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Samsung’s new foldable phones have more features, but prices stay the same

Aug. 10, 2022 Updated Wed., Aug. 10, 2022 at 10:24 a.m.

A Galaxy Z Fold 4, front, and Z Flip 4 phones are shown in this undated photo.  (Bloomberg )
A Galaxy Z Fold 4, front, and Z Flip 4 phones are shown in this undated photo. (Bloomberg )
By Sohee Kim and Mark Gurman Bloomberg

Samsung Electronics Co. unveiled the latest generation of its foldable devices on Wednesday, keeping prices steady despite surging costs of materials and shipping.

The new Galaxy Z Fold 4, which is about the size of a notepad and opens like one, and Z Flip 4, which is square when closed and opens out to regular smartphone size, come with a suite of incremental upgrades.

This year’s Fold has a 45% more durable main display with minimized bezels, a slimmer hinge and upgraded cameras both on the back and under the display, Samsung said.

Responding to user requests, the company upgraded the battery on the smaller Flip and added a larger max storage option of 512GB.

Samsung surprised industry observers a year ago when it launched the Flip 3 at $999, positioning it as a direct competitor to Apple Inc.’s iPhone range and a successor to the Galaxy Note lineup.

The company benefited from its aggressive pricing with record sales of its foldable lineup since then and has stated its ambition to bring the category into the mainstream.

This year’s disruptions to logistics, production and materials supply have pushed tech companies like Meta Platforms Inc. to increase pricing, but Samsung is maintaining the same levels as last year with the Flip 4 and the $1,799 Fold 4.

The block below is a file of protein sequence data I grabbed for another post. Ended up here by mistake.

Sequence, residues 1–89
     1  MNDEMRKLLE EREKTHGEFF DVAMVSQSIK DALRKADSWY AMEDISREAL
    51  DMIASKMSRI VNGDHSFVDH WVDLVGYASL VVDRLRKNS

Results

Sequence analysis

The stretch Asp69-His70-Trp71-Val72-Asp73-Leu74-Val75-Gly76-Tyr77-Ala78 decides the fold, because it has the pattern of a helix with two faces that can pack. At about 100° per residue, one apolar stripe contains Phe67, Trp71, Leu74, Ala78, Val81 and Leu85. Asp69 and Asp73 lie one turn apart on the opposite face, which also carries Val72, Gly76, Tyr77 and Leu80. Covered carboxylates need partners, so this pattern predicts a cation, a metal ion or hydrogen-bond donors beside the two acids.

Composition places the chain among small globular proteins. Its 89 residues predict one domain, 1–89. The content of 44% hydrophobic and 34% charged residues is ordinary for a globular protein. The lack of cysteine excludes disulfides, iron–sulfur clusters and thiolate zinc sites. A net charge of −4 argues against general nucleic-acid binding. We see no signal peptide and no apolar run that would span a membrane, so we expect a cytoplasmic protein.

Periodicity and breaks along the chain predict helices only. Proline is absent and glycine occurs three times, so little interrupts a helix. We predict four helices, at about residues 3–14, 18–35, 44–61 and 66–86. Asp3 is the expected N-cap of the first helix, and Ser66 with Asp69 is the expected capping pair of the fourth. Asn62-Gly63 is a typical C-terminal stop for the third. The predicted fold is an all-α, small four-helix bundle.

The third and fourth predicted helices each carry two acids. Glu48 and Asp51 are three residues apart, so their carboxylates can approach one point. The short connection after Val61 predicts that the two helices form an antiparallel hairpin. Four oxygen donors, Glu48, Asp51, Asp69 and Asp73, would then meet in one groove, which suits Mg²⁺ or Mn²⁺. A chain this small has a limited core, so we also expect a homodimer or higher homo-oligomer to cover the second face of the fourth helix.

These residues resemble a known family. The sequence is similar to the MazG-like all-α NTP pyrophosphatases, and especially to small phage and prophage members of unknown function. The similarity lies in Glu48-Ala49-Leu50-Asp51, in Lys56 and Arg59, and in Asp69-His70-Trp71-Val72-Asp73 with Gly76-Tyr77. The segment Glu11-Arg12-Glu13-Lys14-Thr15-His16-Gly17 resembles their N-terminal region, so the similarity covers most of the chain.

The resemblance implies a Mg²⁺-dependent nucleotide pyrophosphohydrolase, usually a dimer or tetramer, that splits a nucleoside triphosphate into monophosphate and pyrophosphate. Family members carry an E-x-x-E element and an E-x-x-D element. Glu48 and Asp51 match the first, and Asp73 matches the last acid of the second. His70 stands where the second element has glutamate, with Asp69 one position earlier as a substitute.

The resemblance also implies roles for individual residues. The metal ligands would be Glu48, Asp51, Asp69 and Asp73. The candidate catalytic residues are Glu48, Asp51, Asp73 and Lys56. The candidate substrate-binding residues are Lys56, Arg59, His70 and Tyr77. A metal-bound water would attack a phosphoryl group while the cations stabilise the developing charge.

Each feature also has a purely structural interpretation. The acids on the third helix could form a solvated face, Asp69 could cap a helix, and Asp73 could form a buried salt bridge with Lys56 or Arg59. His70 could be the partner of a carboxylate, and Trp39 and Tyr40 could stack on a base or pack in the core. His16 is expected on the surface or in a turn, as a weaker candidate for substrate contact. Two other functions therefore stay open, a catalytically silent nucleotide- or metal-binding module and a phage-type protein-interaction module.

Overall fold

“Samsung’s setting up an ambitious goal to expand its foldable sales to 10 million this year but it’d be challenging considering the macroeconomic situations,” said Greg Roh, head of technology research at HMC Investment & Securities.

The company sold about 6 million foldable devices last year and is looking for “a breakthrough with foldable phones as low-end phones sales are slumping.”

Prices are going up for Samsung’s accessory lineup, however. The company’s new smartwatch, the Galaxy Watch 5, costs $279 and its Galaxy Buds 2 Pro wireless earphones are $229, both $30 more than last year’s models.

The Watch 5 has a skin temperature sensor, an improved glass curvature for more accurate health readings and Google services like Assistant and Maps.

It’s rated to last for 50 hours on a charge and has a pricier Pro version that can go as long as 80 hours, according to Samsung.

Samsung opens pre-orders on Wednesday and will have its new foldables in stores Aug. 26.

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